382. Foeniculum.—Fennel.

Botanical name: 

Fig. 189. Foeniculum capillaceum. The dried nearly ripe fruit of Foenic'ulum vulga're Miller with not more than 4 per cent. of foreign matter.

BOTANICAL CHARACTERISTICS.—Stem somewhat furrowed, 3 feet high. Leaves much compounded, cut into fringe-like segments. Umbels with 6 to 8 rays, without involucre or involucel.

HABITAT.—Chiefly imported from Germany, although the cultivated plants in the gardens of this country partially supply the market.

DESCRIPTION OF DRUG.—Varying in size, the longest often being 12 mm. (½ in.) in length; oblong, terete, a cross-section showing a nearly circular surface; the mericarps are usually separated, however, and slightly curved, their surface dark brown and smooth, with the exception of the five prominent, filiform, lighter colored ribs, the two lateral ones rather broader; in each depression is one oil tube, and on the flat side or commissure there are two. There are two prominent varieties: Saxon, or German, about 4 mm. (⅙ in.) long, dark brown, usually in half-fruits without foot-stalks. The other (Roman) is about 12 mm. (½ in.) in length, lighter brown, with more prominent ribs, and often in the whole state and furnished with foot-stalk. Both, however, are about the same in aromatic properties, and have a warm, sweet, aromatic taste. Bitter fennel, from a wild plant of Southern France, is a small fruit, bitter and spicy. Indian fennel (6.7 mm. in length), anise-like odor used in the preparation of compound infusion of senna (2 per cent.).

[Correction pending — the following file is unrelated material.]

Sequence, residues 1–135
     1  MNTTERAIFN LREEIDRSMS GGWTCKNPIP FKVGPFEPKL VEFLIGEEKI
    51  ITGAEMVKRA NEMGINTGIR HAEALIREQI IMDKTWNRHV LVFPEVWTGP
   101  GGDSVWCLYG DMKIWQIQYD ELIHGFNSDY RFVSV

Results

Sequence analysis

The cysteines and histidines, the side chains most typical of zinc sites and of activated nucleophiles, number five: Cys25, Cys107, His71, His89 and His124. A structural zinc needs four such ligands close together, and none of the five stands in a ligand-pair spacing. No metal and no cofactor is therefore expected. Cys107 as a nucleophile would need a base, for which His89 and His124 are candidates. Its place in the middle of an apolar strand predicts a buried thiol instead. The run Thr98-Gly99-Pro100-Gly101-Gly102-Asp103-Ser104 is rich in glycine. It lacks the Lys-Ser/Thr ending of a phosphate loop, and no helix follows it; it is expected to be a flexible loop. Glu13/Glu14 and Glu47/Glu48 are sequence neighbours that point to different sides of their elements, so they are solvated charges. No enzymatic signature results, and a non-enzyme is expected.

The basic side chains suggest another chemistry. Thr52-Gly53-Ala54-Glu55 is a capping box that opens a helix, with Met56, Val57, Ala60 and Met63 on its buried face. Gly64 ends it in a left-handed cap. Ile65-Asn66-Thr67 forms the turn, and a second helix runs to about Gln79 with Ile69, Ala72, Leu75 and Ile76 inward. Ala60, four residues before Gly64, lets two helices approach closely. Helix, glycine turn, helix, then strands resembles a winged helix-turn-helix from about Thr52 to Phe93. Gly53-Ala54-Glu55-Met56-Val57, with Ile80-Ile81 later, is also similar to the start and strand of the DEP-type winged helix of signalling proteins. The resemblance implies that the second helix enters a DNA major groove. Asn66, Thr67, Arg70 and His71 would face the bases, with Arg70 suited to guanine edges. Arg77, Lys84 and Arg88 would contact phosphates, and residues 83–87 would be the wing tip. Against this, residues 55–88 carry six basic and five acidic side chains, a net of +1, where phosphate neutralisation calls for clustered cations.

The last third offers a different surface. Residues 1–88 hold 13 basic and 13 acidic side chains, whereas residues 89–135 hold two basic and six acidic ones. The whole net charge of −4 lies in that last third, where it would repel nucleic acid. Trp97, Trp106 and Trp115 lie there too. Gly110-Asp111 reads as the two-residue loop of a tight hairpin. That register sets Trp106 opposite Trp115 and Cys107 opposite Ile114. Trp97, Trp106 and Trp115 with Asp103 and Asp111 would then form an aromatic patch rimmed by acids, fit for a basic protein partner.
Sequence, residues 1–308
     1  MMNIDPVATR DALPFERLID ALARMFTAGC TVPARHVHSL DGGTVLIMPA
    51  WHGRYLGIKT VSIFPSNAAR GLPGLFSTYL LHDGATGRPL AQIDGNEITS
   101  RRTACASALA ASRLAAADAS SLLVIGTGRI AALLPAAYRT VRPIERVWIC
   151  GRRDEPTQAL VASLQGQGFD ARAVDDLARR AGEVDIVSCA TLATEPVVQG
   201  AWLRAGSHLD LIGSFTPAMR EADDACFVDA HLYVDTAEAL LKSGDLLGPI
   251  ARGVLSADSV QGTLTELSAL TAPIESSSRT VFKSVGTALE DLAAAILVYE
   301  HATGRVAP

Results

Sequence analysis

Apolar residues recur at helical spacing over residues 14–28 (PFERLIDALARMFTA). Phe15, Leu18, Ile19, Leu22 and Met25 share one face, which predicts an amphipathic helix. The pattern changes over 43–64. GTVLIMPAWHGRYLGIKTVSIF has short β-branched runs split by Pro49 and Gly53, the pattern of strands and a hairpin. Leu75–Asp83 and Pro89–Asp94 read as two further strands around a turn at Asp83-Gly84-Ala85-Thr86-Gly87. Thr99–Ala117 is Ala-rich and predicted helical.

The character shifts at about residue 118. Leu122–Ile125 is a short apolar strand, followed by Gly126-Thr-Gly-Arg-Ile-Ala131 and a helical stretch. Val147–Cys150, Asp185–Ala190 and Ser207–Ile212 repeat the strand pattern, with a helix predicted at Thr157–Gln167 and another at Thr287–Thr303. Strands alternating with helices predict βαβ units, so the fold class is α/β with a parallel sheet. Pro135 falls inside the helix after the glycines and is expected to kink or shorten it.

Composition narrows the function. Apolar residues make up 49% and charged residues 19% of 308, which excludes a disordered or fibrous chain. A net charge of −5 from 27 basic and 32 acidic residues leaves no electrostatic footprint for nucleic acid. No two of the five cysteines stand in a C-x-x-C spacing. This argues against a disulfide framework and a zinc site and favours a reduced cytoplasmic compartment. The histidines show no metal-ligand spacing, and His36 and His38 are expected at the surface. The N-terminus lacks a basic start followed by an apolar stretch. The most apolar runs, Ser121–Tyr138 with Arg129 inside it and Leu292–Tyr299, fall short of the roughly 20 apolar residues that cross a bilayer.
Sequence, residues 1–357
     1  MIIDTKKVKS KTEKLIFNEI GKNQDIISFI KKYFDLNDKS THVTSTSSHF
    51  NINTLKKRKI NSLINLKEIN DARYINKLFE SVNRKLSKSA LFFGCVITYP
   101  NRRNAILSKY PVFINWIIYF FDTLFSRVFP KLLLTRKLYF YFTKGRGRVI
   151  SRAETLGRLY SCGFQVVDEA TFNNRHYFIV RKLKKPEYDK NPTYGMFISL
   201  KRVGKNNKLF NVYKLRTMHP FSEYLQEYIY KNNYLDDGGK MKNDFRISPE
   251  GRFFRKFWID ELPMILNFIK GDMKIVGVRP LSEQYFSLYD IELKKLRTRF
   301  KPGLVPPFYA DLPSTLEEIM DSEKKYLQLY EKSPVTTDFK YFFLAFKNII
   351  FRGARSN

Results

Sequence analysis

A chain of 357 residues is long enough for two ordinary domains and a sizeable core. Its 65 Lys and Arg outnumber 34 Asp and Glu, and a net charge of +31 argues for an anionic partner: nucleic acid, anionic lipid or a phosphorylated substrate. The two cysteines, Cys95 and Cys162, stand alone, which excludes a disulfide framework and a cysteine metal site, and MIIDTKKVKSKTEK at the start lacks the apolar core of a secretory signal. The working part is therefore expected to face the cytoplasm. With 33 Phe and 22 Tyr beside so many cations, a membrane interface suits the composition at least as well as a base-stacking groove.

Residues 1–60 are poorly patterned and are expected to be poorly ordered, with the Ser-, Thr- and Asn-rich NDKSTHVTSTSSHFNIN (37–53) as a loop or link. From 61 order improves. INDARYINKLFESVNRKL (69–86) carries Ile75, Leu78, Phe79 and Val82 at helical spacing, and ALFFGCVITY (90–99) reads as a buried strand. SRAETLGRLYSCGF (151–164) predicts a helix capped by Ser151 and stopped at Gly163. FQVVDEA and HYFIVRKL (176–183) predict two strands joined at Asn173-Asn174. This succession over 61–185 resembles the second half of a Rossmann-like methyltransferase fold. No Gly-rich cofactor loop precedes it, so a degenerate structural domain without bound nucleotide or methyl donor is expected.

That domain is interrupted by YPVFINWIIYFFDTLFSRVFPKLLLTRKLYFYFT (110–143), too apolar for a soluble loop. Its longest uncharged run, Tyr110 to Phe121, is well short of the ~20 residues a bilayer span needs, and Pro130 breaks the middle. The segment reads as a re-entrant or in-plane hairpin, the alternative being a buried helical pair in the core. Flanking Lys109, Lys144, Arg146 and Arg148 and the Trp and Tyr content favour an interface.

Powder.—Characteristic elements: See Part iv, Chap. I, B.

CONSTITUENTS.—From 2.5 to 4 per cent. of volatile oil, almost chemically identical with that of anise. It contains phellandrene, C10H16. Ash, not exceeding 9 per cent.

ACTION AND USES.—Stimulant, carminative, stomachic, corrective. Dose: 8 to 30 gr. (0.5 to 2 Gm.), in infusion or powder.


Infusum Sennae Compositum Dose: 4 fl. dr. (120 Mils).

382a. OLEUM FOENICULI.—A colorless or pale yellow volatile oil, having a specific gravity of 0.96. It usually solidifies at from 5° to 10°C. (41° to 50°F.). It has essentially the same constituents as the oil of anise. Stimulant and carminative, and a corrective of harsh, purgative preparations. Dose: 1 to 5 drops (0.06 to 0.3 mil)


Aqua Foeniculi (0.2 per cent.) Dose: ¼ to 1 fl. oz, (8 to 30 mils) .
Pulvis Glycyrrhizae Compositus (0.4 per cent.) ½ to 2 dr. (2 to 8 Gm.).
Spiritus Juniperi Compositus (0.05 per cent.) 1 to 4 fl. dr. (4 to 15 mils).

A Manual of Organic Materia Medica and Pharmacognosy, 1917, was written by Lucius E. Sayre, B.S. Ph. M.